After manually removing the attached iso, I logged in to the new LXDE desktop. The OpenSuse installation continued, running its final steps, downloading and installing packages and sources from their repositories. Once that had finished, I decided to install the e17 desktop. I started Yast software manager, selected the packages, and away I did not go. "Could not contact server" was the error message given. What the ...? It was contacted not 2 minutes ago. ifconfig showed NO eth0 device and a ping to failed. I rebooted. Hmmm. The eth0 device magically reappeared and I, once again, had a network connection. Strike one.

I started Yast software manager again and selected what few e17 packages there were to install. Most were themes from Agust. The Yast window immediately disappeared. Had it crashed? I loaded it again to see if the packages were installed, They were, indeed, installed. I closed Yast, logged out of LXDE and into the e17 desktop. Immediately, I noticed a big exclamation mark as an icon in the bottom "shelf" (what others refer to as a panel). So, I selected the settings for it and discovered it was a non-functioning connection manager. The error message indicated that I needed to have econnman installed for it to work.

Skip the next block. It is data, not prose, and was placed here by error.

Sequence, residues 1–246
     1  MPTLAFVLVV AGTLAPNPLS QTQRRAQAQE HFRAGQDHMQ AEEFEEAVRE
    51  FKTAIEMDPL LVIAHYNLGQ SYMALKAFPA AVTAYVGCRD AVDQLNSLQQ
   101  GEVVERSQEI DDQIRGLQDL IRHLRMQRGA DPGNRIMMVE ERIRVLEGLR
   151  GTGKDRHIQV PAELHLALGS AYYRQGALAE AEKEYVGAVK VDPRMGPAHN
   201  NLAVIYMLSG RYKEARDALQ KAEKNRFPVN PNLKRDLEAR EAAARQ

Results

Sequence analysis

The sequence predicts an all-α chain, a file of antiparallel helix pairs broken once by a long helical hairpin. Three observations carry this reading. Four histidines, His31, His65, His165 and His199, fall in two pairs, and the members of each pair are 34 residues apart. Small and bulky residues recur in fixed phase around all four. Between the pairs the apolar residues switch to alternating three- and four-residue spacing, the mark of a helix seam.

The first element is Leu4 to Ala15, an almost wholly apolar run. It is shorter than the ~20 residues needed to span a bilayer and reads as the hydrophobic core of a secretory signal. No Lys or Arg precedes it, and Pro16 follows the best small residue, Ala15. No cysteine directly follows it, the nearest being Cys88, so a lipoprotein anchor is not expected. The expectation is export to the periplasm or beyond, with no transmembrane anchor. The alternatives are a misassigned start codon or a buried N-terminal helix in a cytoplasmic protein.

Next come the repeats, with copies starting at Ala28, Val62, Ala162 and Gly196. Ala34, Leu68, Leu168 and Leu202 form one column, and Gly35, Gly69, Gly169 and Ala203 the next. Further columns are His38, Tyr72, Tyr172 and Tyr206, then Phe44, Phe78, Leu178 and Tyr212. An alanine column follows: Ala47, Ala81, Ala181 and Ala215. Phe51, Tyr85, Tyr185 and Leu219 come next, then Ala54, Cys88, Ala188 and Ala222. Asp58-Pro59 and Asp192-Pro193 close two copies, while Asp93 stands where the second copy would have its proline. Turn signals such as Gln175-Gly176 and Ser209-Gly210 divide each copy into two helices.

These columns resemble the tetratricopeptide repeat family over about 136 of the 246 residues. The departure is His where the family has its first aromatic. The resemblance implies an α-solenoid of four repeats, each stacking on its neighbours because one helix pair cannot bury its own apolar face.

I dug around in the menus and discovered that I could not launch Yast as root from the menus. Okay, maybe a desktop file needed to be edited. That was tolerable. I logged out of e17 and logged into the LXDE desktop. After starting Yast, I could not find econnman. It's not offered in the repos, although a launcher for it was installed in a desktop panel. Strike two.

I closed Yast software manager and opened the Yast system control center. Finding the portion to edit /etc/sysconfig, I browsed to the sections for default window manager and desktop environment. e17 was not listed for either option. Strike three.